So much for a clash of the titans.
The Baltimore Orioles' three-game series with the Tigers May 12-14 -- a battle between two first-place teams in the American League -- turned into a one-sided affair, as Detroit saddled the Birds with their first sweep of the year.
While the sweep didn't knock the Birds out of first place in the AL East -- thanks in part to the struggles of other teams in the division -- the series ran the Orioles' losing streak to four games and shined a spotlight on a number of concerns about the team.
A LATE-ARRIVING OFFENSE
When the Orioles were struggling offensively in April, some fans chalked it up to the unusually cold temperatures in Baltimore, with the idea that the Birds' bats would heat up when the weather did.
Well, the temperatures have warmed -- the first two games of the series were played in 74- and 79-degree weather at Camden Yards -- but the Orioles' offense remained missing in action during those games, plating one run apiece.
The Orioles' lineup is riddled with slumping hitters. Nick Markakis, who entered the series with an 18-game hitting streak, went 0-for-13 from the leadoff spot. Manny Machado, batting behind Markakis, wasn't much better, combining to go 2-for-12 during the series. Machado doesn't appear to be hitting the ball with much authority, showing noticeable rust from his late start to the season.
Speaking of rust, cleanup hitter Chris Davis went 1-for-11 during his first full series back from his oblique strain. And J.J. Hardy, who missed several games early in 2014 with back spasms, continued his woeful offensive season, going 2-for-12. Hardy is batting .254/.273/.307/.580 and has yet to hit a home run this year. If Machado, Davis and Hardy are playing at less than 100 percent health, it seems to be having an adverse effect on their hitting.
On a more positive note, No. 3 hitter Adam Jones collected six hits during the series, and Nelson Cruz continued his sizzling debut season with the Birds by smashing his 11th home run, giving him six more than any other Oriole. The Orioles' offense showed signs of life by rallying for a five-run fifth inning against Justin Verlander May 14, but even then, the Birds failed to score in any other inning during an eventual 7-5 loss.
Of the 27 innings played during the series, the O's were held scoreless in 24 of them. That's not going to get it done against a terrific Tigers team -- or any team, really.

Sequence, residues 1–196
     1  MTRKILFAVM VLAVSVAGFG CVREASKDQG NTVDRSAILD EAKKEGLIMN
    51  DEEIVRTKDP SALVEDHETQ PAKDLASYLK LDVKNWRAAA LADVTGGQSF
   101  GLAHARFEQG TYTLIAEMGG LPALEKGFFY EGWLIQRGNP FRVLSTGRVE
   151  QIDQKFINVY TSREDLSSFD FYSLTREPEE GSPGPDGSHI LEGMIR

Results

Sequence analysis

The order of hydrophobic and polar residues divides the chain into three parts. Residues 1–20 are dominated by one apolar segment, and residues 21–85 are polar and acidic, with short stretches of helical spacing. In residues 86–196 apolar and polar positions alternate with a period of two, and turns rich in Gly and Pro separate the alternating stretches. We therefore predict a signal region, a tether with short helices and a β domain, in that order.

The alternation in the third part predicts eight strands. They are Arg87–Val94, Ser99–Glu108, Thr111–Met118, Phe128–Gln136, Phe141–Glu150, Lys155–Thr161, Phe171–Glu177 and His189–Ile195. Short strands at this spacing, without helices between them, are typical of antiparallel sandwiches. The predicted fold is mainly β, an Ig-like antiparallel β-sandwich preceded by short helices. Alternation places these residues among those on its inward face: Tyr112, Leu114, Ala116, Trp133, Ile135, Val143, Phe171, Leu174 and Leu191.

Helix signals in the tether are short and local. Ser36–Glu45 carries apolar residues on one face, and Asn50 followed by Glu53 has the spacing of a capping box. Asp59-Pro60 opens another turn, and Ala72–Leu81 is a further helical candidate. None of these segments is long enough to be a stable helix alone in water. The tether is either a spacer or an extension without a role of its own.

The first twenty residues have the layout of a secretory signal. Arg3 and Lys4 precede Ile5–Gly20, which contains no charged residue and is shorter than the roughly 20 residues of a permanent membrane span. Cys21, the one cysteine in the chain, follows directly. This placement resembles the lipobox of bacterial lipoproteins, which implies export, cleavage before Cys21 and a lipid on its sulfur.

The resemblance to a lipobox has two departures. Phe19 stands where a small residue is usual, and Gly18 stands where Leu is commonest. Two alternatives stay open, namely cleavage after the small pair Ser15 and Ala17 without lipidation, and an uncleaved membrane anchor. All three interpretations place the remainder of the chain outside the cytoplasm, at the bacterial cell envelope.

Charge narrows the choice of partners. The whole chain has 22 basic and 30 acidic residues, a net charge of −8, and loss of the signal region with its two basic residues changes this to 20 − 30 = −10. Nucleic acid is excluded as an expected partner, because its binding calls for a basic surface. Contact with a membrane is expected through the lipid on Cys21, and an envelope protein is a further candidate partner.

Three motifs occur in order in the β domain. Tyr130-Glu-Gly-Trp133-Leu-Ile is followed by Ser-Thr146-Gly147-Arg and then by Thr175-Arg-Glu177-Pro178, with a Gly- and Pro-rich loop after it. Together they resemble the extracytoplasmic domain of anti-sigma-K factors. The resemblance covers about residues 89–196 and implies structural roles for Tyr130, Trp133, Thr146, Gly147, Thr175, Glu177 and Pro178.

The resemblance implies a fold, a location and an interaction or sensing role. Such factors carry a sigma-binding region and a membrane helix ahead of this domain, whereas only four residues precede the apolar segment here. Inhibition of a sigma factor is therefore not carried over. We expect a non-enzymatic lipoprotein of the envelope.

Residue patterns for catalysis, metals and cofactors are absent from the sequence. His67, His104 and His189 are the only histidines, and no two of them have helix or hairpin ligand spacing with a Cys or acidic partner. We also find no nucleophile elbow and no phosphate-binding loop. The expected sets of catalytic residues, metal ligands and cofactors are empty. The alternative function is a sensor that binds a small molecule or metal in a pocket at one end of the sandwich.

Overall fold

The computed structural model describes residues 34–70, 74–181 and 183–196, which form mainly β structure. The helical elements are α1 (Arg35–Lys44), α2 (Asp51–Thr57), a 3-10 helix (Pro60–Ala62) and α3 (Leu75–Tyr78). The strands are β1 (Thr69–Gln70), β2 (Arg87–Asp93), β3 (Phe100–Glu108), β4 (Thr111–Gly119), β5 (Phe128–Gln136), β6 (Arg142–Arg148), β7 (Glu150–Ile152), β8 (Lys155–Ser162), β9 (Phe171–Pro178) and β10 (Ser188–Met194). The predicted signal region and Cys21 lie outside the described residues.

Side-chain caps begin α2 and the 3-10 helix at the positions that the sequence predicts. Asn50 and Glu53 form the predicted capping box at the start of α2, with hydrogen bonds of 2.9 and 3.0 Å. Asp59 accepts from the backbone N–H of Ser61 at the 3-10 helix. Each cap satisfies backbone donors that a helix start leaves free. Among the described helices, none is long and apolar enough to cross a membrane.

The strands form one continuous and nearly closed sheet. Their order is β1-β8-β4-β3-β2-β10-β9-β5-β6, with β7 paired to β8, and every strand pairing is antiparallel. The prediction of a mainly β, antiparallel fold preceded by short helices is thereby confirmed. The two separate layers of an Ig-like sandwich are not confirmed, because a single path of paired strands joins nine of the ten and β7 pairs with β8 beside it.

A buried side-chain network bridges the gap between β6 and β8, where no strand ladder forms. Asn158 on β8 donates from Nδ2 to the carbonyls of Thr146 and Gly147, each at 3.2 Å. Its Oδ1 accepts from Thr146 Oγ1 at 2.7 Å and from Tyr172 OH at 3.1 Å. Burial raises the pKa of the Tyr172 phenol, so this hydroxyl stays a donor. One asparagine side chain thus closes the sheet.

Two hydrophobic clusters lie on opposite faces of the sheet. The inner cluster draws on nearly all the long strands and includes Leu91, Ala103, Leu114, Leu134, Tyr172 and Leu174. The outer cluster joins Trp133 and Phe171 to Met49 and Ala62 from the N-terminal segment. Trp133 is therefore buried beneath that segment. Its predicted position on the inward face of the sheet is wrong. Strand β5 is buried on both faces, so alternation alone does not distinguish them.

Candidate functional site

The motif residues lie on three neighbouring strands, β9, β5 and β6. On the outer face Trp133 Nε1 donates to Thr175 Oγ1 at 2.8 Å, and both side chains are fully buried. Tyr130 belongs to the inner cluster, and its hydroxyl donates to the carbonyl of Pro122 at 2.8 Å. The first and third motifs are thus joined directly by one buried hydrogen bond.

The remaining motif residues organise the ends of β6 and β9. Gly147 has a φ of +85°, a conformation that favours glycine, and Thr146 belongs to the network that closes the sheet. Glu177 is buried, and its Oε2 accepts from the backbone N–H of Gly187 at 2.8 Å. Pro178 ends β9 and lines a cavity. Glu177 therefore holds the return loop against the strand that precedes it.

TOMMY GOES BOOM
Orioles closer Tommy Hunter used to have a Twitter account under the name "@TommyGoesBoom," but before the 2014 season, he changed it to the more innocuous "@tHunter29." Perhaps he was trying to distance himself from any reference to giving up home runs.
That may work on Twitter, but it hasn't worked on the baseball field. Hunter "went boom" at a most inopportune time May 13, coughing up a Miguel Cabrera three-run homer with two outs in the ninth that erased a 1-0 O's lead in front of a shell-shocked Camden Yards crowd. Adding to his misery, Hunter then allowed a Victor Martinez blast to Eutaw Street on his next pitch, and was booed off the mound en route to a 4-1 O's loss.
Hunter has converted 11 saves -- still tied for first in the AL as of May 13 -- but his conversion to closer has been a rocky experience so far. During 17 games, Hunter has allowed 11 runs in 15 innings (6.60 ERA) and allowed 29 base runners, nearly two per inning. He has managed to finagle some heart-stopping escapes during many of his save opportunities, but playing with fire was bound to get him burned. Hunter has blown his two most recent save chances.
The question is, will manager Buck Showalter make a change at the closer's role? Last year, Showalter remained loyal to closer Jim Johnson all year despite a league-worst nine blown saves. Johnson, though, was coming off a 2012 season during which he had gone 51-for-54 in save opportunities, which earned him a longer leash. Hunter, by contrast, has no such track record -- this is his first season as a closer, and right now, he's having trouble getting anyone out.
GAUSMAN RUNS OUT OF GAS
When the O's made the announcement that Kevin Gausman was coming up to start May 14, I thought it was a questionable decision. And after Gausman's performance May 14, there was nothing to make me reconsider my skepticism.
Gausman got off to a good start, retiring the first seven batters he faced, including two strikeouts. But it didn't take long for the Tigers to figure him out. Gausman struggled to command his off-speed pitches, and as such, he didn't throw many; 65 of his 87 pitches were fastballs, and Tigers hitters were able to square him up.
Gausman's final line was four innings, five runs, six hits and a 54-to-33 strike-to-ball ratio, and his secondary pitches seemed unpolished. He looks like a pitcher who still has more to learn in the minor leagues. Will the Orioles send him back to Triple-A Norfolk for more seasoning, or will they try to refine his repertoire at the big league level?